Big Cat Research by Student May Lead to Scientific Breakthrough

Published: August 07, 2015 | Author: Thomas Ybarra | Read Time: 2 minutes

Setting up traps with sticky tape, pointed nails, and blanks of wood around the surrounding areas of Summit Mountain Lodge in Brain Head, Utah, Damaris Perez, a Southern Utah University senior biology major from Salt Lake City, Utah, hopes that her research will lead to a breakthrough in safe genetic sampling.

SUU Student Damaris Perez is doing breakthrough genetic research

Partnered up with Dr. Jacqueline Grant, SUU biology professor, the pair have begun a yearlong project to collect hair samples through noninvasive techniques, trekking up the mountain twice a month to collect samples in a way that has yet to be done in Utah for shrews, large cats and black bears. 

For more variety with species, Perez is setting up traps for the big cats also around Cedar City.

Perez says that collecting the hair samples will allow for an accurate genetic analysis from the hair samples alone. “Before you’d need to trap and kill the animal to retrieve genetic samples but now we can get all sorts of information from just the hair samples while still trying protect the animal,” explains Perez.

The safe collection of genetic samples is an emerging field and a whole lot hasn’t been done to protect the animals so Perez’s research could be a breakthrough is genetic science.

Leaving food around the traps attracts animals to the trap and in an attempt to reach the food, the animals shuffle under the fencing and hairs attach to the tape. The tape is then collected by Grant and Perez to conduct genetic analysis.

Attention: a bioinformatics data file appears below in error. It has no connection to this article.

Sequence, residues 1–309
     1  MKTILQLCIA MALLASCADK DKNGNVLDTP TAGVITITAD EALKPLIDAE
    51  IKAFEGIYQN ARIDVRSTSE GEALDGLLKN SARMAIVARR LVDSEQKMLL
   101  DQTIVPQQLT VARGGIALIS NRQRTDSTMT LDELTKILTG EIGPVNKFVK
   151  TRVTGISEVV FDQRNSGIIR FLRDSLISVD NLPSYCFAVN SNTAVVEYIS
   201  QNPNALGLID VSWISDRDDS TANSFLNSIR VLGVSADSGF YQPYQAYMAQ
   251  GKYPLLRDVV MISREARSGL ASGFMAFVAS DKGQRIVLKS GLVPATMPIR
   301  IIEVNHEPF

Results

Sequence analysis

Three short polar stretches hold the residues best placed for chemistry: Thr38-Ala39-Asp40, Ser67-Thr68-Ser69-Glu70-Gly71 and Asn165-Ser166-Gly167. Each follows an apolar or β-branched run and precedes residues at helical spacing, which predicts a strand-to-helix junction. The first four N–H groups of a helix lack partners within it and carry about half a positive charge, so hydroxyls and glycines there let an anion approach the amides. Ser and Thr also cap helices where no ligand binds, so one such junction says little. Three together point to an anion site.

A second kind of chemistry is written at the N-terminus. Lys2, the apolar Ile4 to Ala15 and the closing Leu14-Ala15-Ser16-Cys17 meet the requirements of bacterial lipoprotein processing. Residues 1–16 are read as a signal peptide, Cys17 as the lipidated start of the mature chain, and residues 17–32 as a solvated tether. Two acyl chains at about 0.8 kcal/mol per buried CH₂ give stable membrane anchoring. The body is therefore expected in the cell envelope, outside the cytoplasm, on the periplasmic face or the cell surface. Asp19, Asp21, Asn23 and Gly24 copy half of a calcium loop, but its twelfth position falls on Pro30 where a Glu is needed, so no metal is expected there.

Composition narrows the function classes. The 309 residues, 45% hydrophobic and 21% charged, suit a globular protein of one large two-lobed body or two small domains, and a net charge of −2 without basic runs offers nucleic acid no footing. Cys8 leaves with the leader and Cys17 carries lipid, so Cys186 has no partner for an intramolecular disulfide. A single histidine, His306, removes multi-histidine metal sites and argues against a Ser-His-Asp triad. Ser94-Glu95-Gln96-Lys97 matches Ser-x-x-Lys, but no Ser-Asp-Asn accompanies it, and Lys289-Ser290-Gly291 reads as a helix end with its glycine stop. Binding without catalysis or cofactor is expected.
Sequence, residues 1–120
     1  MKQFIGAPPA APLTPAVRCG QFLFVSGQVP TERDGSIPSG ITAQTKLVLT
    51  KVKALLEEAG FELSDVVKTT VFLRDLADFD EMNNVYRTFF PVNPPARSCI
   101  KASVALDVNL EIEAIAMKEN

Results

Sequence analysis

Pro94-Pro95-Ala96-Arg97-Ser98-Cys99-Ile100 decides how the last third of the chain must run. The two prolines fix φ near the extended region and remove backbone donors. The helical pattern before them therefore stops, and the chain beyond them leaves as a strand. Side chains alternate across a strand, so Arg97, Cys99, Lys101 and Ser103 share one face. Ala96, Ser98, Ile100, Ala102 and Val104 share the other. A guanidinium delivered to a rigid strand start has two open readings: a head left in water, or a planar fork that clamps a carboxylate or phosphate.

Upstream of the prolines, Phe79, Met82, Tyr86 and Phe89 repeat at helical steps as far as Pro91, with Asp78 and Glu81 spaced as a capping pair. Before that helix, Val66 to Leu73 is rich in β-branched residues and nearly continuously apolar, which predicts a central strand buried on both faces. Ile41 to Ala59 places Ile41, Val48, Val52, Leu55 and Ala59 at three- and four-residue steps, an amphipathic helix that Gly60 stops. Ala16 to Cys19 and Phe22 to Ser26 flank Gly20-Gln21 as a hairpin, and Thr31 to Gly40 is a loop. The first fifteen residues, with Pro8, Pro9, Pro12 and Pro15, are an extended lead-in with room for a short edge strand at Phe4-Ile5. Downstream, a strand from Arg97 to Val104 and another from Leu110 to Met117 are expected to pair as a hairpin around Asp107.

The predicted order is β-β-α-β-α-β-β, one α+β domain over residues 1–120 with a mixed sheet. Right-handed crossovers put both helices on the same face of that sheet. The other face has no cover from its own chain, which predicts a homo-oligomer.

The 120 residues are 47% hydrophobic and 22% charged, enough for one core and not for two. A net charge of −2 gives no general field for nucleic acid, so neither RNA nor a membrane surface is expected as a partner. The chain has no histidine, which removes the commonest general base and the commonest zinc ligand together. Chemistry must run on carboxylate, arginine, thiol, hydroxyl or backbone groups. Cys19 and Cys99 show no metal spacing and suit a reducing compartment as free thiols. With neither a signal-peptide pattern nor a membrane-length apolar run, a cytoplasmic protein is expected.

Along with genetic sampling the project provides an accurate inventory of animals in the area. “Do we have cougars, bobcats, coyotes, and foxes?” asks Grant and explains that the nailed traps collect the hairs when the big cats, like any cats, would rub across the nails of the trap.

Grant and Perez are using catnip and jars of bobcat scent to lure the cats to the trap.

Perez’s research project is funded by the Walter Maxwell Gibson Research Fellowship and the L.S. and Aline W. Skaggs Scholarship. The Gibson Research Fellowship pays Perez for her commitment to research while the Skaggs scholarship pays for her supplies required to conduct the research.

“This definitely helps me focus on purely just the research and dedicate more of my time to it,” says Perez explaining that getting paid will allow her to work on her project more thoroughly.

“Any undergraduate student can apply for this scholarships as long as they apply with a faculty advisor and present a research project that is centered on science,” explains Jackie Grant.

The Gibson and Skaggs scholarship is a great opportunity for students within Southern Utah University's Walter Maxwell Gibson College of Science and Engineering that qualify. For Perez it could lead to a scientific breakthrough in genetic research.

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